PID can cause scarring of the reproductive organs, which can lead to serious complications such as constant pelvic pain, inability to conceive, ectopic (tubal) pregnancy, and other severe pregnancy complications.
Abnormal vaginal bleeding or discharge, stomach pain, painful sexual intercourse, fever, painful urination, or the need to urinate more often than usual are some of the signs and symptoms (urinary urgency). Screening is recommended for sexually active women who are not pregnant, particularly those under the age of 25 and those who are at risk of infection.
A history of chlamydial infection or another sexually transmitted infection, new or multiple sexual partners, and inconsistent condom usage are all risk factors.
In around half of all cases, men with a chlamydial infection experience signs of infectious urethral inflammation. A painful or burning feeling when urinating, an irregular discharge from the penis, testicular pain or swelling, or a fever are all possible symptoms.
Chlamydia in men can spread to the testicles, causing epididymitis, which can lead to sterility in extreme cases if not treated. Chlamydia can also cause prostatic inflammation in men, but the exact role it plays in prostatitis is difficult to determine due to urethritis contamination.
Chlamydia trachomatis causes trachoma, a chronic conjunctivitis. Fingers, mutual towels or cloths, coughing and sneezing, and eye-seeking flies may all spread the infection from one eye to the next. Mucopurulent ocular discharge, itching, redness, and lid swelling are all symptoms. Childbirth can also cause chlamydia eye infection in newborns.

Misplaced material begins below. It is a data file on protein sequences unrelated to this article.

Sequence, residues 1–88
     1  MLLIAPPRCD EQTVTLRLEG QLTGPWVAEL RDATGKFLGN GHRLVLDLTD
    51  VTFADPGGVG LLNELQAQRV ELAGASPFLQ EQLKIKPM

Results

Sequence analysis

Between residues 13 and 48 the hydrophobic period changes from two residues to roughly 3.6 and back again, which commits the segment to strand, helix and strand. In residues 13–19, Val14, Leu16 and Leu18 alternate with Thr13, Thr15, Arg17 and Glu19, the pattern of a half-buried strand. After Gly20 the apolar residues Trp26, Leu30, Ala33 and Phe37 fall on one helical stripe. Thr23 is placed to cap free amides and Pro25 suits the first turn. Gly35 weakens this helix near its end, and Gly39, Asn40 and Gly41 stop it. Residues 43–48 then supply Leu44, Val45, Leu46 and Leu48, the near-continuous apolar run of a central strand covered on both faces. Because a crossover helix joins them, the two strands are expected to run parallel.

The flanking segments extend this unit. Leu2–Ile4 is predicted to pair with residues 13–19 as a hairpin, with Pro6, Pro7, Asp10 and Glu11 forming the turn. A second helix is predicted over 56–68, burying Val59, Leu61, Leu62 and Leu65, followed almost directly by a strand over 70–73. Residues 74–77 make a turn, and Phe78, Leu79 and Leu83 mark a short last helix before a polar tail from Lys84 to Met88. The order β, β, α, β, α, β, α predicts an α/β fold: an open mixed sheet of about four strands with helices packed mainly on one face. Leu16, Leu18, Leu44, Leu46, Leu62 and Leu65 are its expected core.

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In young men, chlamydia can cause reactive arthritis (the triad of arthritis, conjunctivitis, and urethral inflammation). It can affect both men and women, but it is more common in men.
Half of all children born to chlamydia-positive mothers would be infected with the disease. Chlamydia can cause spontaneous abortion, premature birth, conjunctivitis, which can cause blindness, and pneumonia in children. When compared to chemical causes (within hours) or gonorrhoea (2–5 days), conjunctivitis caused by chlamydia usually occurs one week after birth.
The polymerase chain reaction (PCR), transcription-mediated amplification (TMA), and DNA strand displacement amplification (SDA) are now the mainstays of nucleic acid amplification studies (NAAT). NAAT for chlamydia may be done on swabs taken from the cervix (women) or the urethra (men), self-collected vaginal swabs, or voided urine. Regardless of whether a cervical swab or a urine specimen is used, NAAT has been estimated to have a sensitivity of around 90% and a specificity of around 99%.
Antibiotics can effectively treat C. trachomatis infection. Azithromycin, doxycycline, erythromycin, levofloxacin, or ofloxacin are recommended by the guidelines. Doxycycline (100 mg twice a day for 7 days) is possibly more effective in men than azithromycin (1 g single dose), but evidence for antibiotics' relative efficacy in women is sketchy. Erythromycin or amoxicillin are two antibiotics that are prescribed during pregnancy.
Patient-delivered partner therapy (PDT or PDPT) is a treatment choice for sexual partners of those with chlamydia or gonorrhoea. It is the method of treating the sex partners of index cases by giving the patient prescriptions or medications to provide to his or her partner without the health care provider first testing the partner.